Special Forces Review: Nothing Special
SPECIAL FORCES (15): On General Release Friday 18th November
On the surface, Special Forces has a few problems. The writer/director, Stéphane Rybojad, is famous for French documentaries and shorts but not full length feature films. It’s an action flick with subtitles and the biggest obstacle of all, it is based on the notion that the French military can do anything more than retreat.
All right that last one might not be fair, but in a film that centers on a team of six special forces badasses that take down terrorists left and right in their effort to rescue a journalist from the clutches of the Taliban, it’s a bit incongruous to hear them shouting commands in French.
The team, led by Kovax (Djimon Hounsou) and his go-to guy Lucas (Denis Menochet) also includes the cavalier Tic-Tac (Benoit Magimel) and killer-with-a-conscience Elias (Raphael Personnaz). The journalist Elsa (Diane Kruger) has been taken hostage by maniacal terrorist leader Zaief (Raz Degan) and it’s up to the French fighters to rescue her, but when their helicopter rendezvous fails, they must travel by foot from terrorist-laden Pakistan to their headquarters in Afghanistan.
At times, Rybojad’s inexperience shows. The camera work is shaky, especially during the shootouts which can be difficult to follow, and the editing is problematic as well. The opening scene has nothing to do with the rest of the plot and the narrative repeatedly jumps from our heroes in Pakistan to very brief moments with the stereotypical heads-of-state back in France, providing poorly disguised scene transition.
The storyline is shallow to say the least, providing nothing new to the good versus evil model of soldiers against Middle-Eastern terrorists. The highly trained team is simultaneously presented as no-nonsense professionals and immature gunslingers and they run into so much bad luck that by the end their hardships seem trivial.
Rybojad’s film isn’t all bad though. The action is thrilling, albeit excessive and if you like to see guys with turbans and beards taking bullets, this film is right up your alley. The scenery is definitely the highlight, with shooting taking place in Djibouti and Tajikistan, and this makes up slightly for the unrealistic plot.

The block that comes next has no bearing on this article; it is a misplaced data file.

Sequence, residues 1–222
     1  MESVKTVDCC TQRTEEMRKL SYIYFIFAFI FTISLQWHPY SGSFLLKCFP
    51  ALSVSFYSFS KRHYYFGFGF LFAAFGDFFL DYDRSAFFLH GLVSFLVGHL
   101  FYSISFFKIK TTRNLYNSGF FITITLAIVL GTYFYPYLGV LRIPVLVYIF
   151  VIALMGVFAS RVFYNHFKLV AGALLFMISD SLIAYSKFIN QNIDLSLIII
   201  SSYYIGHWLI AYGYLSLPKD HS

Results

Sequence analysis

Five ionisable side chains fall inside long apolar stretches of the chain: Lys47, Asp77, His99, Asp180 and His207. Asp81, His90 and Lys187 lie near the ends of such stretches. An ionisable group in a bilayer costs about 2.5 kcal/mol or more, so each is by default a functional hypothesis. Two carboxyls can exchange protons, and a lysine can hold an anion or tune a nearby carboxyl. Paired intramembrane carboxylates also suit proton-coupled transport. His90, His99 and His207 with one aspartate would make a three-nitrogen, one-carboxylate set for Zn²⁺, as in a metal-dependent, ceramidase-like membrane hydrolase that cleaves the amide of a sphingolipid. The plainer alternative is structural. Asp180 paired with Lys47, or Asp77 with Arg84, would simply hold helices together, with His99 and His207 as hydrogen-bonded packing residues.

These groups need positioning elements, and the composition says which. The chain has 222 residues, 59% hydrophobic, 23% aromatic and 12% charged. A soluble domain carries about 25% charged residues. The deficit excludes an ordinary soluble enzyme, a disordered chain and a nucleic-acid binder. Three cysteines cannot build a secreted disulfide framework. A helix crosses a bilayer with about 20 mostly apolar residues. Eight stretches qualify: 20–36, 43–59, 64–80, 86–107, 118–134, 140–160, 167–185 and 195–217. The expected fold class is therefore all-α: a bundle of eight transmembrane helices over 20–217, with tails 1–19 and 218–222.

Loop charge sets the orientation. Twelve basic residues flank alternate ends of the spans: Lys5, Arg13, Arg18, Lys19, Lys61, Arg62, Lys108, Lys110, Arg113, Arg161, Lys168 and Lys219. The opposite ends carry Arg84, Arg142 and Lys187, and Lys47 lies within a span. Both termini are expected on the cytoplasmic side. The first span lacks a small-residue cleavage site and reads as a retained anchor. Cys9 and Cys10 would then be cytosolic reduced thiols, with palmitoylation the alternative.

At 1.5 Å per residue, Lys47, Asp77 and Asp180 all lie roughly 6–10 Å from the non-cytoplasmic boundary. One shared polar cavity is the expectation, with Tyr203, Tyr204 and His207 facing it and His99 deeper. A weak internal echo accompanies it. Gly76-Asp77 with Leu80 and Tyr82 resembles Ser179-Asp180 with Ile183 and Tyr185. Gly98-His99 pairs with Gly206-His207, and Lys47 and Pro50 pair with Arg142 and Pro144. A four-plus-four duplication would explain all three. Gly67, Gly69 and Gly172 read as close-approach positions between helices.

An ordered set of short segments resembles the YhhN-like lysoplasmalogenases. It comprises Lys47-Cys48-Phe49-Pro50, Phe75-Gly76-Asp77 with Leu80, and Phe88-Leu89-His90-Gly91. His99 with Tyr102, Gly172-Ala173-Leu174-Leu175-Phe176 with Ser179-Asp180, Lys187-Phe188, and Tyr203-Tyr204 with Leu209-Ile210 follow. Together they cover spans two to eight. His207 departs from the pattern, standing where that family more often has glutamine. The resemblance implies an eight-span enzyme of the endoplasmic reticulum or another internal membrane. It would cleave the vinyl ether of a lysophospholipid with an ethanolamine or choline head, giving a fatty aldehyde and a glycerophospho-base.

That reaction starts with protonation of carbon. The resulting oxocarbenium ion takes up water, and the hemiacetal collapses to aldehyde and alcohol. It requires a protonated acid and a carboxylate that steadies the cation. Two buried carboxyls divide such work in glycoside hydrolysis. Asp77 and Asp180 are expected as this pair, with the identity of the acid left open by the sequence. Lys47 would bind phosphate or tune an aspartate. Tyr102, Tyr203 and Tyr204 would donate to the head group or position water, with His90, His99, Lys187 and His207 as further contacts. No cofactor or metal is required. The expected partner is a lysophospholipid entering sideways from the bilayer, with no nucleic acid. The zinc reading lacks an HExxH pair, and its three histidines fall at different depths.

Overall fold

The acting is as good as can be expected given the weak script. Kruger, Hounsou and Magimel turn in particularly good performances. The actors aren’t asked to do much, mostly screaming and cowering for Kruger and shooting and being shot for the rest. Nevertheless the film is a testament to the talented pool of French-speaking actors. Israeli-born Degan may play the terrorist leader a little over-the-top, but he commands the screen and is seems genuinely evil. This being a French film, we must assume that the decision to make him Cambridge educated is meant to add to his depravity.
It is a shame that Rybojad didn’t do more with a solid cast and respectable budget. He could have turned in something more Hurt Locker and less The Kingdom, with a focus on revealing a new side of the genre instead of just glorifying the French military.
Special Forces is only a disappointment if you go in expecting too much . While you might hope for an intelligent film from a foreign documentary director, this isn’t one. Though it’s difficult to swallow, if you can manage to accept that even the French can get in there, shoot up some bad guys and look cool doing it, it’s an enjoyable ride with some scenic highlights.